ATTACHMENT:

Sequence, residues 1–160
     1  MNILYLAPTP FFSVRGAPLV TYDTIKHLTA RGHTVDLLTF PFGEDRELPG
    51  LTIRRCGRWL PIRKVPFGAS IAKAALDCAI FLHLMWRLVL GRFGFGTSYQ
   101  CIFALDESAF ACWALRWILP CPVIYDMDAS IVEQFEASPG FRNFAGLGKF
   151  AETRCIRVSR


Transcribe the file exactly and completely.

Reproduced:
Sequence, residues 1–160
     1  MNILYLAPTP FFSVRGAPLV TYDTIKHLTA RGHTVDLLTF PFGEDRELPG
    51  LTIRRCGRWL PIRKVPFGAS IAKAALDCAI FLHLMWRLVL GRFGFGTSYQ
   101  CIFALDESAF ACWALRWILP CPVIYDMDAS IVEQFEASPG FRNFAGLGKF
   151  AETRCIRVSR